"We still have some huge needs around housing and homelessness, we haven't done a multi-year commitment to education funding in a long time, we did improve funding on transportation but there's still a big gap compared to what people want us to deliver, and let's not forget the opioid heroin crisis," he said.

Rosenberg also added, "Of course, we're going to continue to work on economic issues for all folks, but particular for low- and moderate-income people."

Rosenberg said he also expects the Senate to focus in 2017 on an issue that held Beacon Hill's attention for much of the current session: energy. That work led to a law giving hydropower and offshore wind prominent roles in the state's energy mix, but Rosenberg said the legislative work on energy is not done.

"We made a lot of progress in this term but we have to continue to deal with greening our energy supply, dealing with climate change," Rosenberg said on Boston Herald Radio, adding that climate change "really threatens the stability of our economy if we can't deal effectively with sea rise and with severe weather conditions, so that's got to be one of the big focuses."

Asked whether the Legislature might hike taxes to raise the revenue to pay for the litany of issues he laid out, Rosenberg said, "We have to think about what we need, what it's going to cost and do we have the revenue to support it."

At a revenue outlook hearing held last week, estimates of state tax revenue growth provided by economists, analysts and others ranged from 2.65 percent to 5.2 percent for fiscal year 2018. Baker administration officials and legislative leaders need to agree on a consensus revenue estimate in January.

Last week, House Speaker Robert DeLeo said he was "not ruling out" the possibility of raising taxes, while Gov. Charlie Baker said he would work to dissuade DeLeo and Rosenberg from pursuing tax hikes.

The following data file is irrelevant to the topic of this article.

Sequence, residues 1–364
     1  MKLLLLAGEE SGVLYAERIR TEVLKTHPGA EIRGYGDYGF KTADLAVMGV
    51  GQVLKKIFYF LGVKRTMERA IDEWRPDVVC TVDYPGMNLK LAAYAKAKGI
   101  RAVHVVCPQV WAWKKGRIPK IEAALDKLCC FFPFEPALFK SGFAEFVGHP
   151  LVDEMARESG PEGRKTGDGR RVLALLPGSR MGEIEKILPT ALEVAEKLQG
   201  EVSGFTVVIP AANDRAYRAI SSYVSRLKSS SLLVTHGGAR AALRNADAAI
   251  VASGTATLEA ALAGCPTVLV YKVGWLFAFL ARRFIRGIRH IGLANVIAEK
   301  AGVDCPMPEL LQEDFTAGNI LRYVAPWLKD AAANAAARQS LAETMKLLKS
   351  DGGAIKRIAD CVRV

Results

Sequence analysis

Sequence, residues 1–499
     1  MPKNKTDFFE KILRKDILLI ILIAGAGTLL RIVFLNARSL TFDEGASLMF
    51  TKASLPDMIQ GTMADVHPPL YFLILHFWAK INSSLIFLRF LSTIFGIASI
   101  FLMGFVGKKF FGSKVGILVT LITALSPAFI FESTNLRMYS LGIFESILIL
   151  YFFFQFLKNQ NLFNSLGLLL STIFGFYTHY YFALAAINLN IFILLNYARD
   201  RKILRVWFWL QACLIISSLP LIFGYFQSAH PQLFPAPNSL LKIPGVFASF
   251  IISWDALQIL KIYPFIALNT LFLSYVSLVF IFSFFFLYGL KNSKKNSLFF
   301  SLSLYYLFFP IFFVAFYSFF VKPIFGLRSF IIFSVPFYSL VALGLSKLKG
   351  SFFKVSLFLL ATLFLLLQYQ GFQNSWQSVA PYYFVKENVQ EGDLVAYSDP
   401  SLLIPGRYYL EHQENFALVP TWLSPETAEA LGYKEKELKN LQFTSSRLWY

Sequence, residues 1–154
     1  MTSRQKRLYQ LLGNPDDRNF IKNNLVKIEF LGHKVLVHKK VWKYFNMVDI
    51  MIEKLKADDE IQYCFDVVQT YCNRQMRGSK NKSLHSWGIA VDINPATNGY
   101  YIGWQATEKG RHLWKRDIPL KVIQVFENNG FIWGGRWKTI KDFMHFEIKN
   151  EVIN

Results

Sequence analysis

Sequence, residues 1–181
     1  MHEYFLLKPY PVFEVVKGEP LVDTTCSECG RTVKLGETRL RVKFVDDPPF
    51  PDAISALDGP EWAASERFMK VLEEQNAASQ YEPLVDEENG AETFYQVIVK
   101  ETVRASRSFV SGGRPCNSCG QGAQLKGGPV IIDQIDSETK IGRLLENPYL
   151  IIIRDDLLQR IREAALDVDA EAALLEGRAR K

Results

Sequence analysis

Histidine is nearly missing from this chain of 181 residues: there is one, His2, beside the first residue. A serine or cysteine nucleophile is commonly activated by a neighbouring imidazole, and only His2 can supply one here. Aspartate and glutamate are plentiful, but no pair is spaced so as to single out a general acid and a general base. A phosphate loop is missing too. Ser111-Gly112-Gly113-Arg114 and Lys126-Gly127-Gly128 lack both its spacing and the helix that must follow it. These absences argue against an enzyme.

Rosenberg, when asked Tuesday about tax increases being "on the table" clarified that, "Taxes aren't quote on the table. They're just not off the table."

"I know in your world that may mean the same," he told Morning Meeting hosts Hillary Chabot and Jaclyn Cashman, "but in our world it doesn't mean exactly the same thing."

Lawmakers last raised taxes in 2013, hiking the cost of a gallon of gas by 3 cents and a pack of cigarettes by $1. Four years before that, at the nadir of the Great Recession, lawmakers increased the sales tax to 6.25 percent, up from 5 percent.

On the issue of taxes, Rosenberg said that his chamber is ready to pursue tax reform in Massachusetts, specifically related to the state's flat income tax.

"We are prepared to work on making our tax system more progressive," he said, specifically citing "a lot of pretty big tax loopholes" and the impact of the income tax on low- and middle-income families as problematic. "Basically we have a 19th and 20th century tax system for a 21st century economy. We could stand to take a hard look at it to see if we can make it fairer and more progressive."
 

The Attleboro Sun-Chronicle
Saturday, December 17, 2016
Letters to the editor


To the editor:

The thought of state Rep. Paul Heroux running anything above the level of a lemonade stand is laughable ó unless, given his record, you don't mind higher taxes and spending ("Heroux mulls run for mayor," Dec. 12 ).